Why Is Pepper Good For Your Digestive Health?

Written by Jillian Lai Mei Siew on Tue, 01 August 2023

Key Highlights

  • Black pepper's primary constituent piperine helps improve digestion of food as well as aids in weight loss.
  • Piperine is also known for its anti-inflammatory properties which helps reduce diseases such as arthritis, Alzheimer's, Parkinson's disease, and even cancer.
  • Pepper can also boost the production of digestive enzymes in the pancreas, which will help food break down more efficiently.
  • The 'King of Spices' is also said to prevent skin pigmentation (Vitiligo).

Black pepper is known as the 'King of Spices' because of its strong aroma. It is widely used in all the major cuisines of the world.

Apart from its use as a spice, pepper has loads of health benefits, including improved digestive health.

Why is pepper healthy?

  • The humble peppercorn offers antioxidants (vitamin K) as well as several minerals, including manganese and calcium that support general health and well-being.
  • Black pepper's primary constituent is the powerful piperine. Best known for its "heat", piperine helps improve digestion of food and might even help with weight loss.
  • Several animal studies talk about the role of black pepper as a preventive agent against heart diseases, diabetes mellitus, inflammatory disease, and cancer insurgence. Here is how pepper benefits different aspects of our health.

Pepper supports digestive health

Black pepper and its active ingredients are commonly employed as traditional remedies against gastric disturbances from time immemorial.

  • Pepper is a carminative, which means it can reduce intestinal gas. That's probably because the taste of pepper appears to trigger the stomach to release more hydrochloric acid, a substance that's necessary for breaking down foods, especially protein from meat and other sources.
  • Pepper can also boost the production of digestive enzymes in the pancreas, which will help food break down more efficiently.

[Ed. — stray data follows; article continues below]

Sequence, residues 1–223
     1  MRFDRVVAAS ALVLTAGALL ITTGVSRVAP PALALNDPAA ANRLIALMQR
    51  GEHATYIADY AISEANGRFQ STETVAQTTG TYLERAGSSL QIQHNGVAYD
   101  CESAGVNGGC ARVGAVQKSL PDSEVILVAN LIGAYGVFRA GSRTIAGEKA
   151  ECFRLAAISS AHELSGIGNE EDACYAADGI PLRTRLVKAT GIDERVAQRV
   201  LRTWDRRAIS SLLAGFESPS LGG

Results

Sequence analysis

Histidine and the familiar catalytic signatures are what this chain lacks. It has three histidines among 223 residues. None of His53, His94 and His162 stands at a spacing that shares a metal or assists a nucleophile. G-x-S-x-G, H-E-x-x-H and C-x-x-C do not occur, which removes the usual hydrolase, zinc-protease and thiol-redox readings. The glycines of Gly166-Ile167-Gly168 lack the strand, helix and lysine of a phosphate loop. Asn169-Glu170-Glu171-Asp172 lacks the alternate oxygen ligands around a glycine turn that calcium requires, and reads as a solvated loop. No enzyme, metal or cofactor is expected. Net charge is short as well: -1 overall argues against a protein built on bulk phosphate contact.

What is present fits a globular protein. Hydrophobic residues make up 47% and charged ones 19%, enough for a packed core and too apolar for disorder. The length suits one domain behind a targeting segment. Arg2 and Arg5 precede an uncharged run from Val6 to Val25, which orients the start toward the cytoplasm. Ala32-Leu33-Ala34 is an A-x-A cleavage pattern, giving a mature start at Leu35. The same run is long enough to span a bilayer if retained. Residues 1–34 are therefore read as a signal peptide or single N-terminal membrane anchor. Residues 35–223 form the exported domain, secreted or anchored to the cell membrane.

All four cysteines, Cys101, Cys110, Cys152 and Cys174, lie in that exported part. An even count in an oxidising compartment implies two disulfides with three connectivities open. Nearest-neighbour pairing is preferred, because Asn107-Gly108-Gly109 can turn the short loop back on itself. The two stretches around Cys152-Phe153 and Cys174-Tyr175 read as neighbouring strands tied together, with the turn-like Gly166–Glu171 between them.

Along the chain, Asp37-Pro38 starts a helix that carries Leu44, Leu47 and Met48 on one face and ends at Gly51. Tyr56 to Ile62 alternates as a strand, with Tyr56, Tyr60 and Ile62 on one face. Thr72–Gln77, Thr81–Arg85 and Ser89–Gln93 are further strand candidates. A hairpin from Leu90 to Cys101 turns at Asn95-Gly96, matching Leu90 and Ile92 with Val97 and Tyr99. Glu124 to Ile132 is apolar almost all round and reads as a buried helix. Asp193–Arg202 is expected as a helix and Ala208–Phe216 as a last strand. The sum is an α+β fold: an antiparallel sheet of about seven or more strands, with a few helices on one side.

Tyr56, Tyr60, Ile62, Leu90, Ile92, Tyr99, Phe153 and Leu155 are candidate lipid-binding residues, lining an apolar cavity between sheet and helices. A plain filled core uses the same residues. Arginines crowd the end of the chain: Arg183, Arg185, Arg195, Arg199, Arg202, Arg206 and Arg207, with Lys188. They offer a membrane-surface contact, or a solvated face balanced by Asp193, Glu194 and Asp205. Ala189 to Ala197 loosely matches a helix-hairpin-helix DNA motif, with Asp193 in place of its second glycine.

• Another important benefit of pepper is its effect on the intestinal microflora. Certain studies suggest that including pepper in your diet can increase the variability of your gut microbiome and promote the growth of good bacteria.

Helps improve the intestines

Piperine in pepper improves the functionality of our intestines. It enhances the absorption of nutrients, improves the synthesis of digestive juices and perks up the immune system of our body. It also enhances the absorption of calcium, trace elements like selenium and Vitamin B.

Antioxidant potential of pepper

Oxidation is an inevitable process observed in body cells that can produce reactive oxygen species (ROS). ROS are the causative agent responsible for various ailments, that is, cancer, inflammation, atherosclerosis, and ageing.

Excessive production of ROS outplays the defence capabilities of the body resulting in oxidative stress. Antioxidants help maintain the balance between the normal and stressed conditions in the cells.

It is indicated that black pepper is a potential dietary source of natural antioxidants.

Anti-inflammatory potential

The process of inflammation can lead to the development of various ailments that include arthritis, Alzheimer's, Parkinson's disease, and even cancer.

Piperine present in pepper inhibits the substances in our body that cause inflammation.

Treats skin problems

The 'King of Spices' is said to prevent skin pigmentation (Vitiligo). This condition makes your skin appear white and this is also called white patches. Though there are many medicines available in the market to restore your skin colour, black pepper protects your skin.


For both taste and wellness, remember to add a little sprinkle of the wonderful spice to your meal. Make sure you only use the purest and most natural black pepper powder because it will not only make a tremendous difference to the food taste but also your health.

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Jillian Lai Mei Siew

As the Product Consultant Manager of Mega BiO-LiFE, Jillian Lai Mei Siew, has the role of providing a productive team spirit among all Product Consultants to equip them with the right health nutritional information. Jillian is a BSc in Nutrition and Community Health, and a MSc in Nutritional Sciences an from Universiti Putra Malaysia. Affiliated to the Professional Affiliation Languages & Dialects Nutrition Society of Malaysia, NSM, Jillian can speak English, Cantonese, Mandarin, Hokkien and Malay.

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Our team of experts frequently monitors developments in the health and wellness field, and we update our articles when new information becomes available.

Current Version

Aug, 01 2023

Written By

Jillian Lai Mei Siew